We're celebrating Meatless Mondays with balanced, delicious meal plans. We hope you'll join us -- whether you're vegetarian all the time or just here and there.
Today: All you have to do for dinner tonight is chop and toss. (Oh yeah, and there's a crumb topping involved, too.)
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Sometimes you want to make a meal that requires putting on an apron, facing sputtering oil, and taking the immersion blender out of retirement. But when the commute home leaves you dampened with sweat and slightly out of breath, chances are high that you'd rather make a meal that requires you to do as little work as possible.
Before you start making dinner tonight, unbind your feet from your too-tight shoes and put on your laziest clothes. Then chop a few things, toss them together in a bowl, and make the easiest crumb topping to ever grace the world with its presence. If you're in need of some protein (in addition to the vanilla ice cream for the crumble, that is), serve the extra pita from the fattoush with hummus (we won't tell if it's store-bought) or fried or sautéed chickpeas.
Take advantage of our handy grocery list and game plan, or click the recipe photos or titles to see (and save and print) the full recipes.
4 pieces of good-quality pita bread 1 1/2 teaspoons sumac, divided 2 big heirloom tomatoes 1 pint cherry tomatoes 3 or 4 Middle Eastern cucumbers 1/4 red onion Mint Parsley 3 scallions 3 tablespoons pomegranate molasses 1/2 teaspoon crushed dried mint 6 to 8 ripe peaches 1/2 cup chopped pecans 1 teaspoon almond extract 1 tablespoon bourbon Hummus, optional Vanilla ice cream, optional
We assume you have olive oil, salt, pepper, two lemons, flour, brown sugar, ground cinnamon, 1 stick of butter, and maple syrup in your kitchen. If not, add those to the list, too.
1. Preheat the oven to 350° F. Slice open the pita if it’s pocket-style, then put it on a baking sheet in a single layer, drizzle with 2 tablespoons of olive oil, and sprinkle with 1 teaspoon of sumac plus salt and pepper to taste. Remove the toasted pita from the oven (but keep the oven on) and break them into uneven bite-sized pieces.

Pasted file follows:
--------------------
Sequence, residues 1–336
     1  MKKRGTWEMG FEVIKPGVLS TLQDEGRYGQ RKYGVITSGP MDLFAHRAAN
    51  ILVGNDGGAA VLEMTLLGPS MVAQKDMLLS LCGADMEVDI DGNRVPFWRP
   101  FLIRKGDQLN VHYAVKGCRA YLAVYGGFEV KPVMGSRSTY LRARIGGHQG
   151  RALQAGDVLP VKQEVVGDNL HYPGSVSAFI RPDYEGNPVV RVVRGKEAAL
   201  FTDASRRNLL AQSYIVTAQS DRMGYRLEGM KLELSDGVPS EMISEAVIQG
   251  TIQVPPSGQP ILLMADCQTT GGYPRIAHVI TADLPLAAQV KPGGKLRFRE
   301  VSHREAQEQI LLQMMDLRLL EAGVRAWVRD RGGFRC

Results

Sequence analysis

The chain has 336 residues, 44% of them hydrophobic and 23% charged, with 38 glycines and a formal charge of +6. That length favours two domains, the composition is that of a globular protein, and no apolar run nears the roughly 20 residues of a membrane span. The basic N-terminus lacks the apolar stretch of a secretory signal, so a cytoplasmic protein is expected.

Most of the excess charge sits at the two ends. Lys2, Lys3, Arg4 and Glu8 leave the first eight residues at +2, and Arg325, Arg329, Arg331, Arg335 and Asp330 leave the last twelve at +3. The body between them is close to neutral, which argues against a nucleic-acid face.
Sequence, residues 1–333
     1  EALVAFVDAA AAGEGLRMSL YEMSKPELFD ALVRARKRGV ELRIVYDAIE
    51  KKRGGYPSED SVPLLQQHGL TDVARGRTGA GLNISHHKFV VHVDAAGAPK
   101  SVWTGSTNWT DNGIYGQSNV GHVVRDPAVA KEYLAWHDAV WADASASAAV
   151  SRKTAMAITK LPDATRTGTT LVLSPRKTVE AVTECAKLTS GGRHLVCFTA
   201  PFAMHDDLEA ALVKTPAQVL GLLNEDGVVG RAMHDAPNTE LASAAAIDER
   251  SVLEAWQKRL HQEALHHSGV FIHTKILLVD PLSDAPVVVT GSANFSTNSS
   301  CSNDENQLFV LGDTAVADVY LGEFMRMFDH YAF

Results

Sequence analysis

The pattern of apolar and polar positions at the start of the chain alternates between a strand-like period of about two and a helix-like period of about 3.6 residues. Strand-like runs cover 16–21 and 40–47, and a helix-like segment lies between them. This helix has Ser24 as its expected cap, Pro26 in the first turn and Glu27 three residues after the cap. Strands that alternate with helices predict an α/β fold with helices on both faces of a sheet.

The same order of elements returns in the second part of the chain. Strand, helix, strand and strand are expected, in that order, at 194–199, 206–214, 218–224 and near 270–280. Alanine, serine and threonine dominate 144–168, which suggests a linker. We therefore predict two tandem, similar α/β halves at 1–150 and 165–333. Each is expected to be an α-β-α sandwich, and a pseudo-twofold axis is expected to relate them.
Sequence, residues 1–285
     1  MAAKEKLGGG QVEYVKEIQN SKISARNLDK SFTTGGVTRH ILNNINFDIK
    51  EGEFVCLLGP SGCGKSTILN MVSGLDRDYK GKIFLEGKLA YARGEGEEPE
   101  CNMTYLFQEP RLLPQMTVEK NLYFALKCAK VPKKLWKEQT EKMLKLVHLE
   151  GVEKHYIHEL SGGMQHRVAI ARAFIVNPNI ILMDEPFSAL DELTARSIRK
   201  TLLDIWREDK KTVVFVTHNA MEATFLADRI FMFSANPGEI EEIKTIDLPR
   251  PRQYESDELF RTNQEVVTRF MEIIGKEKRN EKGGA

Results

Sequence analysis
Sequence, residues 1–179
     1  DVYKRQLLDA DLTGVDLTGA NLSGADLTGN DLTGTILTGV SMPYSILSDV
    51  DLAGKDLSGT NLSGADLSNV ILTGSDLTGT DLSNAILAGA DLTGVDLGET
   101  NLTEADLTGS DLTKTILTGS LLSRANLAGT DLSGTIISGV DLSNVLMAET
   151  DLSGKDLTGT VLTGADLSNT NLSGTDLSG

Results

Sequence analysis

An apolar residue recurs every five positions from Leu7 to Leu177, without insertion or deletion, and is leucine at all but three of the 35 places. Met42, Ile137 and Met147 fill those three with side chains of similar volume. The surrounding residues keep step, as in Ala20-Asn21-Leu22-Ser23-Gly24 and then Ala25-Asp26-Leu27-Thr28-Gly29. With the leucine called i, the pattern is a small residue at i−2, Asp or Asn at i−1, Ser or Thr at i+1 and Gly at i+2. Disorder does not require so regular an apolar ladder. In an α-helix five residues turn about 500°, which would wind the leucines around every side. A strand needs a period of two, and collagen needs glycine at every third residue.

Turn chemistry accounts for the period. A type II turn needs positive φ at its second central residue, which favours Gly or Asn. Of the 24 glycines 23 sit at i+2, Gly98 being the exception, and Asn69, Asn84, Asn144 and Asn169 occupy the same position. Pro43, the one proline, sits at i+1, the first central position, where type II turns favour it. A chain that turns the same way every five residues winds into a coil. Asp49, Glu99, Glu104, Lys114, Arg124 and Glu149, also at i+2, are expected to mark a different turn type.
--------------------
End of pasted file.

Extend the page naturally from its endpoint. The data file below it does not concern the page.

2. Rinse and dry the heirloom tomatoes. Halve them, then slice each half into small wedges. As you slice, save the collected juice and transfer it to a bowl. Then halve the cherry tomatoes. Transfer all of the tomatoes to a large, shallow bowl or a serving platter. Halve the cucumbers and slice them into chunks, thinly slice the red onion, roughly chop 1/4 cup each of mint and parsley, slice the scallions, and add everything to the bowl with the tomatoes. Incorporate without smushing the tomatoes, then add the pita chips on top. (If you want them to stay crunchy, reserve them until right before serving.)
3. In the bowl with the reserved tomato juices, combine the juice of half a lemon with the pomegranate syrup, the dried mint, 1/2 teaspoon of sumac, salt, and pepper. Add 1/4 cup of olive oil in a slow stream, whisking to emulsify. Drizzle the dressing over the salad and let it sit for 20 to 30 minutes, tossing every 10.
4. Meanwhile, pit and slice the peaches. Using your hands, work together 1 cup of flour, 1 cup of brown sugar, 1 teaspoon of ground cinnamon, the pecans, and 1 stick of cold butter that’s cut into pea-sized chunks until the mixture is crumbly.
5. Next, mix together the almond extract and bourbon with the juice of a lemon and 1 tablespoon of maple syrup and combine it with the peaches. Pour the peaches into a baking dish and top them with the crumb topping, then bake for 25 to 30 minutes.
6. Eat the fattoush; we recommend serving it alongside hummus and leftover pita that’s been warmed in the oven or on the stovetop. By the time dinner is finished, the peach crumble will be ready. Eat it warm with a scoop of vanilla ice cream.
Photos by James Ransom
A New Way to Dinner, co-authored by Food52's founders Amanda Hesser and Merrill Stubbs, is an indispensable playbook for stress-free meal-planning (hint: cook foundational dishes on the weekend and mix and match ‘em through the week).
A (former) student of English, a lover of raisins, a user of comma splices. My spirit animal is an eggplant. I'm probably the person who picked all of the cookie dough out of the cookie dough ice cream. For that, I'm sorry.